Johnny Nelson chats with David Haye, Amir Khan, Carl Froch and Anthony Ogogo on The Gloves are Off
Johnny Nelson's gloves were off when he sat down with four famous fighters for a special show...
Last Updated: 22/01/13 10:22pm
Britain's Best: The Gloves Are Off was something that I was part of, not as a presenter or analyser, but as a fighter - albeit a retired one.
To get David Haye, Carl Froch, Amir Khan and Anthony Ogogo around the same table was one thing. To join in with them was something else. But for them to open up was something that will stick in the mind. I hope you all end up with the same view.
The idea was to let viewers see the side no-one really knows. The fighters were apprehensive for various reasons as boxers, of course, are used to just giving what the press wants, the sound-bite here, the answer there, the stuff they think the public want to hear.
But this show, as Haye put it, featured the sort of conversations they would have in their cars, or with your mates anywhere. None of them had confirmed fights to discuss - Froch's was announced the next day - yet believe me, we got absolute gold dust.
If you want to know about the other side of a boxer, you will find this fascinating.
It's nice to get the meat on the bones, not just see the final article in the ring. We got enough sat around a table to say you now know the man behind each fighter, while you'll also hear one or two stories.
Yes, they are stories involving famous faces but I reckon plenty of you out there will be thinking 'I've done that!' or 'I'd do the same'. Why? Because these boxers are, after all, normal blokes. These are people.
When The Gloves Are Off kicked off, they were quite guarded, but trust me there will be plenty you won't have seen or known about all of them. Did you know Froch and Haye used to be team-mates? You'll also get a real understanding of Khan and his take on the public perception of him.
Ogogo, meanwhile, is turning into a celebrity already, but he is at the beginning where he is sat at a table opposite the people he wants to be like. The whole show was a learning process for him - and you at home, too.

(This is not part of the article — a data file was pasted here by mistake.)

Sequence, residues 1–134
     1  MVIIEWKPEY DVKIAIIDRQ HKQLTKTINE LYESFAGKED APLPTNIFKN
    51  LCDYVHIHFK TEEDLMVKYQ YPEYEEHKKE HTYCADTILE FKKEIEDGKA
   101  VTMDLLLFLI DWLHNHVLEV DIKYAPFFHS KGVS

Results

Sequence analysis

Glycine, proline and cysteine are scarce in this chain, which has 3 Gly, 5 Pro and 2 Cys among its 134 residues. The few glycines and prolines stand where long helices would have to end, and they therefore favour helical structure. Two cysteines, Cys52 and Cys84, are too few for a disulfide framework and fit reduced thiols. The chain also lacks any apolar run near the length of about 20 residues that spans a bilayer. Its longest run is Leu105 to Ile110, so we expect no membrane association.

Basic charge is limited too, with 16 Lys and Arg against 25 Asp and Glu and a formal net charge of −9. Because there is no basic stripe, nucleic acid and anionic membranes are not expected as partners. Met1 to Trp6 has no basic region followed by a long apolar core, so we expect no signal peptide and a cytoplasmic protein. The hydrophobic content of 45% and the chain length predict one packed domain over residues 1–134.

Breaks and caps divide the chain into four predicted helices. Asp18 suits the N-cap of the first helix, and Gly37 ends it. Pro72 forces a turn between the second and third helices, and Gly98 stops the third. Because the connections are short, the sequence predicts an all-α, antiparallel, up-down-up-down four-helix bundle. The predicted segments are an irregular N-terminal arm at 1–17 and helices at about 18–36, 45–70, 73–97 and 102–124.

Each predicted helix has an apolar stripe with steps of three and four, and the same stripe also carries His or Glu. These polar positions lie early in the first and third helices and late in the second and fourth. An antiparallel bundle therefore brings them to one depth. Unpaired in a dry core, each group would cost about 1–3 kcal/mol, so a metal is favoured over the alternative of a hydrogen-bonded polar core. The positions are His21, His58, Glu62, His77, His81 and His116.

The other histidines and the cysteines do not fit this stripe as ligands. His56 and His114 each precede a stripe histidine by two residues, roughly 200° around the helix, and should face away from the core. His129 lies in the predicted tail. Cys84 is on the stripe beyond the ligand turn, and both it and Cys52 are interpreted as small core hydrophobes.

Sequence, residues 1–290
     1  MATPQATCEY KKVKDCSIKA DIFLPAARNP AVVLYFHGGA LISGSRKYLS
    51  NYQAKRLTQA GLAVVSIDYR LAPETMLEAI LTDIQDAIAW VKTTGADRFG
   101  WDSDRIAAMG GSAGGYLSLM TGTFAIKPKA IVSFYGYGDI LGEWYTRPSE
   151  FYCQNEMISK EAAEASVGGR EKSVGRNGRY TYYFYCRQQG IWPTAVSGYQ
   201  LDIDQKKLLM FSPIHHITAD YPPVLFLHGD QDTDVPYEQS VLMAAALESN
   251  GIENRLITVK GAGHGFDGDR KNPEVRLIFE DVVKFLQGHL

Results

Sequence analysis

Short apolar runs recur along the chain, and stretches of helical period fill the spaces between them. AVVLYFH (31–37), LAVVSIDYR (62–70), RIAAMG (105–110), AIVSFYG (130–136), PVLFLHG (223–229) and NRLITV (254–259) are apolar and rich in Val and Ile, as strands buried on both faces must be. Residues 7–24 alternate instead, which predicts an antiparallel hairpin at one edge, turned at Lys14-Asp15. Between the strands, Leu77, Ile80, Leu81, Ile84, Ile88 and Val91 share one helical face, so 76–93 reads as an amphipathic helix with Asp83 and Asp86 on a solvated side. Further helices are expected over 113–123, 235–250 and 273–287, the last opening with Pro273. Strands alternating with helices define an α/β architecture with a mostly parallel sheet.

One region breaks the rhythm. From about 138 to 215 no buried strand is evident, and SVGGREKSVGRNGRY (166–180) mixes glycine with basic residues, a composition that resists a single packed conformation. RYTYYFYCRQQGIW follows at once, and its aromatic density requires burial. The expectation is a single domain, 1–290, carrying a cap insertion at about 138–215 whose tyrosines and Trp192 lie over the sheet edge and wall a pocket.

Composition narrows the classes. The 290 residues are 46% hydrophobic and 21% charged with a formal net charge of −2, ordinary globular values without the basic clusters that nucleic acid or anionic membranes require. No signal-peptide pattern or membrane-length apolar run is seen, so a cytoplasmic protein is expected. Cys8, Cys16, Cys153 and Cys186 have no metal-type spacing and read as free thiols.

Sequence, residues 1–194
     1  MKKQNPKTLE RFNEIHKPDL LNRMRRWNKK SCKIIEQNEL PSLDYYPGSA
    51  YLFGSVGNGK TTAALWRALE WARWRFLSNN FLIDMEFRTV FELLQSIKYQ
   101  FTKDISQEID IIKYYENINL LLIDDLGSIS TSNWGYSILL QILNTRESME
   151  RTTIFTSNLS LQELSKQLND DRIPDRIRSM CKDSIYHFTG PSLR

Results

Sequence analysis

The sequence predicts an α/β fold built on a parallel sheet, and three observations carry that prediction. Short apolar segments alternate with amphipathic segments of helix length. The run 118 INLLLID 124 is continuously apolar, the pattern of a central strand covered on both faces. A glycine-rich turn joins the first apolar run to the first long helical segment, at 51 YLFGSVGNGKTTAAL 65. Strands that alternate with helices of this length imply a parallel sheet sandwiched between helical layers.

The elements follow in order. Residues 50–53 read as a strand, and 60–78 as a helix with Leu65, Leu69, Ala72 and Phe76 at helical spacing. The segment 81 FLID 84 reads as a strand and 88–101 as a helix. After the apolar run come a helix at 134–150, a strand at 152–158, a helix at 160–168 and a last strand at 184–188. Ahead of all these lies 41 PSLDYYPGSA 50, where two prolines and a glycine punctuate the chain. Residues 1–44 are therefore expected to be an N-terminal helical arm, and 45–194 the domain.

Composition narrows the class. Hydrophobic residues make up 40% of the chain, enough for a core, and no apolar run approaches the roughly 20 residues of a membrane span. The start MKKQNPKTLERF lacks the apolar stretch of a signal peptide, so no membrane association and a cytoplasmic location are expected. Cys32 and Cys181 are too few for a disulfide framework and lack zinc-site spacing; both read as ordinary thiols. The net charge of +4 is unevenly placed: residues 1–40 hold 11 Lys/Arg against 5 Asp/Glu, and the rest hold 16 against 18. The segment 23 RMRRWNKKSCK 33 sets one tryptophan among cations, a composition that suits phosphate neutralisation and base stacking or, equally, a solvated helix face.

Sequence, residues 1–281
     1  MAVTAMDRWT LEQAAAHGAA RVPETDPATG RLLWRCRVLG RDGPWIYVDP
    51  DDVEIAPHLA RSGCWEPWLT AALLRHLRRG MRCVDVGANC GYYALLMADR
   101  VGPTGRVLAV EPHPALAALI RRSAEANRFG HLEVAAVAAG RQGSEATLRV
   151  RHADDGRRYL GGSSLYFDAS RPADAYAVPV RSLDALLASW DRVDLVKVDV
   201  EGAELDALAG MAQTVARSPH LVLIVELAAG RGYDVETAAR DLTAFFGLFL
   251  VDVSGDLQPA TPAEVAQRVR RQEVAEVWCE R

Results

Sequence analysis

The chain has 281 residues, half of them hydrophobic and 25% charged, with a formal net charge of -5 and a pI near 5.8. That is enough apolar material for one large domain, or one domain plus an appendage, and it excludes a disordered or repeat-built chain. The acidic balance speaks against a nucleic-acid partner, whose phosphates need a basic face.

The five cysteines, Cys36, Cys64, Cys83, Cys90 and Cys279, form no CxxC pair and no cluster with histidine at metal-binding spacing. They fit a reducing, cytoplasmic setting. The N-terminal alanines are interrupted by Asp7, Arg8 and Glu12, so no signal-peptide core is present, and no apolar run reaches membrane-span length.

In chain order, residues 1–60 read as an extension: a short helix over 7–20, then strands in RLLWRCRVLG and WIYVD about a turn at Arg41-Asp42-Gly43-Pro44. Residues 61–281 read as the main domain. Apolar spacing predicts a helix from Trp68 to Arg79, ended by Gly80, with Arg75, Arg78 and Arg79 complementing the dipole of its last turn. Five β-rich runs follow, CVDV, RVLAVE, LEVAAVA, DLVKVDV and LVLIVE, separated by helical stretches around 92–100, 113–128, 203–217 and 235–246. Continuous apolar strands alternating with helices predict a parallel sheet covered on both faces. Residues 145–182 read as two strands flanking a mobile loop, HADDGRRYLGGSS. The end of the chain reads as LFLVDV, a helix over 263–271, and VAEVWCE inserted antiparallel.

As for me, well I was the oldest one around that table and there were plenty of stories from me, too. It was so refreshing, even for me, because I wasn't sitting there asking questions or analysing a fight; I was just chatting with these guys who are my kind of people.
We talk about retirement in the show and I am, of course, the only retired one there and I told them how hard it will be. The one thing I miss now I'm not boxing is that camaraderie so to sit around a table and chat - not about specific fights - was the highlight for me.
To see these world champions, the famous faces, feeling comfortable in their surroundings with other guys who go through the same thing was brilliant. You will see a side you never knew existed.
It is well worth tuning in. And even if you're not a boxing fan, but a sports fan, I am sure it will appeal. It is something I would like to see done across the board, on other sports.
You have to give them credit, too, because there are a few who didn't want to do it. Yes, the four were apprehensive but I bet that those people said 'no' will watch the show and be kicking themselves.
No doubt people will be wondering why Haye, Froch, Khan and Ogogo were on the show; well they said yes. They made a bold move and said 'right, let's have some', and you will get an insight into the men behind the fighters, the men that are boys.
When you hear them talk, when there's banter going between them, they are boys. They could be your brother, your cousin, your dad or your uncle, but they are sportsmen. Sitting watching it is a rare chance to get up close and personal.
And, of course, I could chat all day about this show. But I don't want to give any more away...